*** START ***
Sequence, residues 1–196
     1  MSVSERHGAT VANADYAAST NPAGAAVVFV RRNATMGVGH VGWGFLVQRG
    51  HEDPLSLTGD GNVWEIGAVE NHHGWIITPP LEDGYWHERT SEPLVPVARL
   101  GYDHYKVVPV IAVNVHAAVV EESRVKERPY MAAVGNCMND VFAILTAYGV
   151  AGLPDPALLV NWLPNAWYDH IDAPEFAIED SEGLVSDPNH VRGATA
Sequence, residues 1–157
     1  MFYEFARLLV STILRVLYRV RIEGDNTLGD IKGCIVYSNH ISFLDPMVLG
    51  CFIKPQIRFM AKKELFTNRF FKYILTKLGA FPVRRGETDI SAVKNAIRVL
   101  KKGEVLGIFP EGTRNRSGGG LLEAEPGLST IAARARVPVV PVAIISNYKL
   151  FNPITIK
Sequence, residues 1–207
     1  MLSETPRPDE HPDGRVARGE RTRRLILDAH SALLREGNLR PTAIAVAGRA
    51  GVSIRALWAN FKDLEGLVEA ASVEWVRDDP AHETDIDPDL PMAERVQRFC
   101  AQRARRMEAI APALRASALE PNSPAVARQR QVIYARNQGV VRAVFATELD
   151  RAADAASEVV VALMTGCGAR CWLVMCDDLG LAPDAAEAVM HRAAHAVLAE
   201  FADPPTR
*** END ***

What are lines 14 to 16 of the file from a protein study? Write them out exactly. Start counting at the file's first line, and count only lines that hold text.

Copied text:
   101  AQRARRMEAI APALRASALE PNSPAVARQR QVIYARNQGV VRAVFATELD
   151  RAADAASEVV VALMTGCGAR CWLVMCDDLG LAPDAAEAVM HRAAHAVLAE
   201  FADPPTR